The data we have gathered about trees in this region are powerful, but are mostly meaningful because they are in fine enough in detail to be applicable at a local scale. We spent our first few years gathering data so we could identify solutions based on need and not speculation. But we also learned an important lesson along the way: in order to apply the solutions, we need to be able to tell landmangers about specifics on their land.

In the past two years, we’ve generated Canopy Summary Packets for all 284 municipalities and for the 16 community areas in Chicago and have made them publicly accessible on our website. The summaries provide detail about how much canopy cover a community has and how it’s distributed by land use. They also report on the value of those trees based on iTree calculations (iTree is free, peer-reviewed software suite from the USDA Forest Service that provides urban and rural forestry analysis and benefits assessment tools). Where available, we offer information on species diversity and make recommendations for diversification. We’ve also been able to use this information to identify communities in need and offer School Tree Planting Grants and technical assistance in those targeted communities.

Along a similar vein, we have mapped all of the oak ecosystems in the region, identified core areas, and connecting corridors for prioritized outreach. Once again, having fine scaled data has allowed us to zoom into core areas and identify private landowners to work with. Our Oak Ecosystem Restoration efforts are stronger for being able to speak about the history and interconnectedness of each site specifically.


Stakeholders in Kane County discussing canopy and oak conservation goals for their county (2017).


Communication is Key

Like many urban re-greening collaboratives, one of the major goals of CRTI is to increase the size of our canopy cover. Bigger trees provide more services than smaller trees. For example, they provide more flood mitigation, air pollution removal, heat island reduction, and energy cost reduction. Similarly, areas with more canopy coverage benefit more from those services than areas with less canopy coverage. It would seem that the obvious answer here is to plant more trees.

Unfortunately, a solution utilized in other areas of the country to expand canopy is to plant  lots of little trees in the ground and walk away. Without proper care and protect this results in a lot of little dead trees.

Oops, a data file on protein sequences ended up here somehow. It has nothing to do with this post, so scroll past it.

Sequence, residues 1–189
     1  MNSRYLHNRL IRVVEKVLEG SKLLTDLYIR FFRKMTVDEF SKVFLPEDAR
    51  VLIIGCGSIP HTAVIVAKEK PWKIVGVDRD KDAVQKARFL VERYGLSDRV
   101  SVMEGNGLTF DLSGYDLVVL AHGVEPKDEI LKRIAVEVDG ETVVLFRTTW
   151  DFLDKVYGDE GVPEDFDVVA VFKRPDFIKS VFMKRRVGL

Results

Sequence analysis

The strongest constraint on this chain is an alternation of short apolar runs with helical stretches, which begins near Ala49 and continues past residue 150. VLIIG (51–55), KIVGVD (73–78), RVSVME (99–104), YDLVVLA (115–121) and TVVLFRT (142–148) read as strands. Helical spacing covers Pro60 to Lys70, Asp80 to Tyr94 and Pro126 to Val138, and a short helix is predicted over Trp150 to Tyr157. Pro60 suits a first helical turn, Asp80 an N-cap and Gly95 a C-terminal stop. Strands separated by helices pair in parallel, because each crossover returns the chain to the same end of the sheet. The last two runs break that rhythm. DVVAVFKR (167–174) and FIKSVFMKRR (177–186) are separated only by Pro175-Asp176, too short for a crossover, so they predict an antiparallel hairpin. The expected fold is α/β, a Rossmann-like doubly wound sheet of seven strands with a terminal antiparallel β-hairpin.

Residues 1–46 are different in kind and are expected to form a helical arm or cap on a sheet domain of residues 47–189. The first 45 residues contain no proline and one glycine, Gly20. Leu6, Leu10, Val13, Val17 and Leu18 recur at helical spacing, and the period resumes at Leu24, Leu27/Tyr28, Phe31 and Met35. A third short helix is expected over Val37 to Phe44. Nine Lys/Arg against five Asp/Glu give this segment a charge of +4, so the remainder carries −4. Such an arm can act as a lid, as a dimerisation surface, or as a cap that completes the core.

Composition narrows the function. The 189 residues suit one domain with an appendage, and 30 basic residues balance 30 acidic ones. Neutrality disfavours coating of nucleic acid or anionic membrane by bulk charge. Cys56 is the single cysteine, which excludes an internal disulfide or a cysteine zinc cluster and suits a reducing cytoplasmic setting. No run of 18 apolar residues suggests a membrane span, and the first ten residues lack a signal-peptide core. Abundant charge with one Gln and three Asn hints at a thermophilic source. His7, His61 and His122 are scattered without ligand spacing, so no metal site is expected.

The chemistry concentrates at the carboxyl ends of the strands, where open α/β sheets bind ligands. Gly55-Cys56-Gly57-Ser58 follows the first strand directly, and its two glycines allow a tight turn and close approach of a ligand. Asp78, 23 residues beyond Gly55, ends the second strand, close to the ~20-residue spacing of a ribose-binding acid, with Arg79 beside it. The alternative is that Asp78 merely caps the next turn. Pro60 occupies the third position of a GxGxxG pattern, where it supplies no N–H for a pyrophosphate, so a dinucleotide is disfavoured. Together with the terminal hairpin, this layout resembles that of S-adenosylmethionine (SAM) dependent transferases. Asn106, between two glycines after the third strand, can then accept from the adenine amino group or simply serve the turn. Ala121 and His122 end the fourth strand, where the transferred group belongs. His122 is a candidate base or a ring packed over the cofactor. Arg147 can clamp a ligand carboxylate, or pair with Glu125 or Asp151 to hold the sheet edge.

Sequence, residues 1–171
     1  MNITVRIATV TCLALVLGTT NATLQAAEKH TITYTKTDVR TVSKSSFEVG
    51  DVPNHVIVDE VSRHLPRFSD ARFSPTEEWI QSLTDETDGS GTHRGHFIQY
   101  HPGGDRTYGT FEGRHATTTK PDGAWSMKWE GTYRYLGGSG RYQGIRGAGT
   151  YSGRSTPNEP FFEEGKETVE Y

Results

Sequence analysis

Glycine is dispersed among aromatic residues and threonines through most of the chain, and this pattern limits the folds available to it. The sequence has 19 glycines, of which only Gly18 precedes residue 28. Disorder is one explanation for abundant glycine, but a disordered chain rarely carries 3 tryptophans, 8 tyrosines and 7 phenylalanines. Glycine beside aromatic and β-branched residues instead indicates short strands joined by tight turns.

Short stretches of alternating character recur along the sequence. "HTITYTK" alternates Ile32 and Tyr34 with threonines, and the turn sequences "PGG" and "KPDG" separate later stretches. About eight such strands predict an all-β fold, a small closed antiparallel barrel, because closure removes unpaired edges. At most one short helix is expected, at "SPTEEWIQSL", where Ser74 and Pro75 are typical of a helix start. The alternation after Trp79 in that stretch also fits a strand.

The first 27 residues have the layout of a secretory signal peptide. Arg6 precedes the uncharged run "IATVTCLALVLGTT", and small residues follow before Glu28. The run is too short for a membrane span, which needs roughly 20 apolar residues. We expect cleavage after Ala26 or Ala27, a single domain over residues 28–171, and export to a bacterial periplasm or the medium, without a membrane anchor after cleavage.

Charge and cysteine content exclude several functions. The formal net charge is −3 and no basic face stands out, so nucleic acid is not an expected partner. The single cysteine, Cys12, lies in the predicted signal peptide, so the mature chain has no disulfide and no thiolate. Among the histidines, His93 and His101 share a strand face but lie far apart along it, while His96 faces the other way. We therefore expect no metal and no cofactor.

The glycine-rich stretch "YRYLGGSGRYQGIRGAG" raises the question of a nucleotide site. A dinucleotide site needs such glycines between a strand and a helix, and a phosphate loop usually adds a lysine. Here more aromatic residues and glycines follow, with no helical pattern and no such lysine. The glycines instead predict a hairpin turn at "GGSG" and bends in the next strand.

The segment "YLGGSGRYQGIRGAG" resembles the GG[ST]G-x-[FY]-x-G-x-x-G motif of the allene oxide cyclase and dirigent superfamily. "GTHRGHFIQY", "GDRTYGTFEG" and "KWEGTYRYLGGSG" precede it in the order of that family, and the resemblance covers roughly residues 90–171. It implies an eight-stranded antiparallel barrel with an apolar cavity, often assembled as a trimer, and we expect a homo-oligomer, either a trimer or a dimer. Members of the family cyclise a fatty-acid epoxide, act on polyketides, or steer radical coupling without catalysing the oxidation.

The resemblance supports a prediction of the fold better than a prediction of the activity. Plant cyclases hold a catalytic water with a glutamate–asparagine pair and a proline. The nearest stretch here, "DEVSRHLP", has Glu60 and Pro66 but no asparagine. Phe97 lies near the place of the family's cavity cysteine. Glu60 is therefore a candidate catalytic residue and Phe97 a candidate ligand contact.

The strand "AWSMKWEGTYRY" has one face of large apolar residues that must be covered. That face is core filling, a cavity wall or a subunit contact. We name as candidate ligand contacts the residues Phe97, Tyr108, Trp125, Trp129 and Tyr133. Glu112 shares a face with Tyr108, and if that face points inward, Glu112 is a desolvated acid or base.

One of the lessons we were fortunate to learn from our partners (rather than from direct experience) is that our biggest challenge is not in getting millions of trees into the ground, but rather changing a culture to make trees valued and understood. The best way to grow canopy is to promote smart planting practices, teach proper care of trees, and to inspire residents to appreciate and care for the trees they have.

To this end, we’ve developed several resources and ongoing programs that bolster tree selection, planting, and care efforts and that reach wide and deep into our region’s communities. For example, each year we run two, two day Urban Forestry Basic Trainings to teach non-arborists basic skills and safety in planting, pruning, plant health care, and chainsaw operation. We also organize quarterly Community Tree Network workshops to connect professional and nonprofessional staff who have some type of interaction with trees for peer-to-peer mentoring. We also have a bilingual door hanger that addresses how to properly mulch and water trees so community partners have a trusted reference in hand when reaching out to neighbors about fixing small mistakes- like the volcano of mulch piled two feet high around their tree’s trunk. Many of our direct outreach efforts are also supported by other tools we have developed, such as our online Tree Selector Tool and Tree Ordinance Templates.